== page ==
So now happiness found me here.
I could’ve whined and complained,
Cursed the unfairness of it all,
Got stuck in the poverty I was in,
Yet a better life calls.
Through storms and hurricanes,
I grew wings and learned to fly,
Never looking back,
On the life I left behind.
Quiet, can’t let him know I’m here. Yet I’m curious. Like an itch that must be scratched, I pull back the blanket that conceals my presence under my single bed. I can see thousands of tiny dust particles threw the light that shines through the crack, floating and undisturbed by my escalating heart rate. I peer around my bedroom that I have inhabited since I moved here five years ago with my Mother.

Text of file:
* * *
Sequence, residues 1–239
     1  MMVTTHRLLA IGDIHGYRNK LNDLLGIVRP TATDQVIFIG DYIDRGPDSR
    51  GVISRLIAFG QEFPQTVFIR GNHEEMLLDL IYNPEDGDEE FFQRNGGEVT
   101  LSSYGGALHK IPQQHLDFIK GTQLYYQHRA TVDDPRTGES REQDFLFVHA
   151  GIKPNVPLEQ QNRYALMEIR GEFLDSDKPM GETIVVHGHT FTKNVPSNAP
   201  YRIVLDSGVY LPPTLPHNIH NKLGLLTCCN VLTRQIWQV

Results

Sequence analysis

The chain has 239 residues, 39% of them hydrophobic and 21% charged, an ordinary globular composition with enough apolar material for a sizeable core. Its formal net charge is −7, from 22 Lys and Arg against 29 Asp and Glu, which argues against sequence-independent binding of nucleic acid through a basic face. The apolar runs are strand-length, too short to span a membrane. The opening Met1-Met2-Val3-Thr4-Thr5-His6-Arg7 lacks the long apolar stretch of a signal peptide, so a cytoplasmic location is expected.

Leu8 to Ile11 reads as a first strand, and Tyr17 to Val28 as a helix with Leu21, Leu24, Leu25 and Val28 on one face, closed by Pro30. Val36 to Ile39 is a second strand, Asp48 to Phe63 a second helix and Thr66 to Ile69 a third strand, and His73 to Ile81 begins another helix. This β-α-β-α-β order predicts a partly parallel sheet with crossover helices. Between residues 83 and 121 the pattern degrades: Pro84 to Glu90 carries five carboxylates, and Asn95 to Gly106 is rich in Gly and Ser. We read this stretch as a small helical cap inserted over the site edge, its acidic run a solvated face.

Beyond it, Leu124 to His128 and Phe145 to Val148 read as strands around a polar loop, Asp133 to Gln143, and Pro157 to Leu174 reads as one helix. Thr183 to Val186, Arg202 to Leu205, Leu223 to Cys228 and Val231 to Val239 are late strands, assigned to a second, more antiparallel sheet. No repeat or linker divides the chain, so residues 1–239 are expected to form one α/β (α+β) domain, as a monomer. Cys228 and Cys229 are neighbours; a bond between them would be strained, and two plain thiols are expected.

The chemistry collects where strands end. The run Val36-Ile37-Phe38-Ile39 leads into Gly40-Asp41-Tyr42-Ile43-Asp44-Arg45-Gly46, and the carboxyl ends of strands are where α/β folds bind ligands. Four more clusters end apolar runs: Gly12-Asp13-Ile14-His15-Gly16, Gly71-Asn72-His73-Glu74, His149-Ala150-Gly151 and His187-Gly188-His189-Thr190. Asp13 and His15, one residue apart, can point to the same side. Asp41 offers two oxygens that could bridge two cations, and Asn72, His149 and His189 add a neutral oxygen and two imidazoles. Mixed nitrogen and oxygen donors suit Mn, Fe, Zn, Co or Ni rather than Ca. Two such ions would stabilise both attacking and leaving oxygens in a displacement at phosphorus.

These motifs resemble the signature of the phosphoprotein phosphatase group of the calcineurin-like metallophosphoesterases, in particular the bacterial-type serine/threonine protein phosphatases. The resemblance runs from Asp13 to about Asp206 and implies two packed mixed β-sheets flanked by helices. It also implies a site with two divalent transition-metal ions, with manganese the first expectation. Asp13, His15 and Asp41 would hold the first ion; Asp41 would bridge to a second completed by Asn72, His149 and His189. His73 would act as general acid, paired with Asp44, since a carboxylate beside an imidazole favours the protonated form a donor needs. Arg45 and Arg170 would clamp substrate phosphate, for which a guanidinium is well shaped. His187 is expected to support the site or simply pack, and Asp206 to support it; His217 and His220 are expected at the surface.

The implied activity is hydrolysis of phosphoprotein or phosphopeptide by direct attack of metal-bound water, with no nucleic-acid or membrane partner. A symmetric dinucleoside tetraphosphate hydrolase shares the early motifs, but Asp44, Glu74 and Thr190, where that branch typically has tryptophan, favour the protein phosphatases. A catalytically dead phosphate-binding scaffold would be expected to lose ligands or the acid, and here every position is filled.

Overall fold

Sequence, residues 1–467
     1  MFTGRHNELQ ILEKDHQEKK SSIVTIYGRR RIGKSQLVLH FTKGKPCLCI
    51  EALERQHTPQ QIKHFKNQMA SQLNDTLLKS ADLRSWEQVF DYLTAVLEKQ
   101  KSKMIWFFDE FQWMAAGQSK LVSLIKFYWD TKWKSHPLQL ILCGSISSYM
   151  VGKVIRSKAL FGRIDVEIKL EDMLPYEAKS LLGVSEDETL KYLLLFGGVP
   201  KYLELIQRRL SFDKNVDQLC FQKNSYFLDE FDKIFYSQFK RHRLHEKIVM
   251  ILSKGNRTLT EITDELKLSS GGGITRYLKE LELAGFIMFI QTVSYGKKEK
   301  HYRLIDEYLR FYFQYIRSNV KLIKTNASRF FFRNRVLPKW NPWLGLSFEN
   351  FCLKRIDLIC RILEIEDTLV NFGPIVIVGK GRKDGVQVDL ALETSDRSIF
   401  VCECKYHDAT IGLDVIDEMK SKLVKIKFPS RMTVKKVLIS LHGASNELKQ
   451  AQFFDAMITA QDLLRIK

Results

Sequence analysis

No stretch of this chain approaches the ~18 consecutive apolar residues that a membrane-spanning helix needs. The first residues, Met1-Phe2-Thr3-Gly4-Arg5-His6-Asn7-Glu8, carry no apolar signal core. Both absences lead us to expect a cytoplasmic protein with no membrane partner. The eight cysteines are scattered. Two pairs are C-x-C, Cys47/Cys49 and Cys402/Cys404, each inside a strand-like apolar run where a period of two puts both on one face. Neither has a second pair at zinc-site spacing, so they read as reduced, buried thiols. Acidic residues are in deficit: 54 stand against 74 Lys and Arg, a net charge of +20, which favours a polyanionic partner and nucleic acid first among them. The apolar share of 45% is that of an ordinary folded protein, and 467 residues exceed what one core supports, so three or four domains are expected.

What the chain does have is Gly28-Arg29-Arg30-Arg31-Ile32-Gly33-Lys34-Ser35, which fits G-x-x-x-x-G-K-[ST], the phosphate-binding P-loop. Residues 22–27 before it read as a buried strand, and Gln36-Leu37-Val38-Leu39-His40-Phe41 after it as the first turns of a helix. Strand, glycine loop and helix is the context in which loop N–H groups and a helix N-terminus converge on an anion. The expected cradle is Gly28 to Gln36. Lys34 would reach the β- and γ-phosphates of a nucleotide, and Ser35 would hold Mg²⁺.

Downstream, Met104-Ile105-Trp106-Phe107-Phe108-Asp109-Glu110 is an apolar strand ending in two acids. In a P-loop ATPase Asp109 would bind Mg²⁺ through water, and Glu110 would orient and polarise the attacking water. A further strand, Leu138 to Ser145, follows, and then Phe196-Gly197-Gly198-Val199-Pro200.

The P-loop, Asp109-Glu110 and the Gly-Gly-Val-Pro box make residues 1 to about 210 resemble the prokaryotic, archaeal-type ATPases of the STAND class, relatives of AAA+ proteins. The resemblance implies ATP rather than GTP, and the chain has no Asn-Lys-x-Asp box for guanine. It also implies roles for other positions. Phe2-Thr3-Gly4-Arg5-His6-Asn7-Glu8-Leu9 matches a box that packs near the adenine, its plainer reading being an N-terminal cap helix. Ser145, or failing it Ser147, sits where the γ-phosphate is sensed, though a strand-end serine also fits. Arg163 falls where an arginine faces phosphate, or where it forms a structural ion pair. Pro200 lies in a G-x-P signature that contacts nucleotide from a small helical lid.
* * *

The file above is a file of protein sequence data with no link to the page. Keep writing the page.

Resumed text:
Things have changed so much since then.
I see my discarded clothing on the floor from yesterday; I see my tenth grade math textbook and long forgotten homework stack in the corner. I can make out the bottom of my black dresser and bookcase, stuffed full of the only footprints I have left so far in the world.
And now I can see the door swinging open and crashing into the wall, shaking the one story house on the back roads of Fredericton. I quickly let go of the blanket as my stepfather’s boots come into sight.
But I am not, and was never, fast enough.
` “You think you can hide from me you little bitch!” He roars as his footsteps come towards the bed. I shrink against the wall and squeeze my eyes shut, praying to dissolve into dust.
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Chin up, shoulders back,
they are beneath my feet,
Their words don’t hurt me,
Their petty lies don’t cause my defeat.
I walk with grace,
I smile dearly,
I work so hard,
If only they could see me clearly,
They would notice: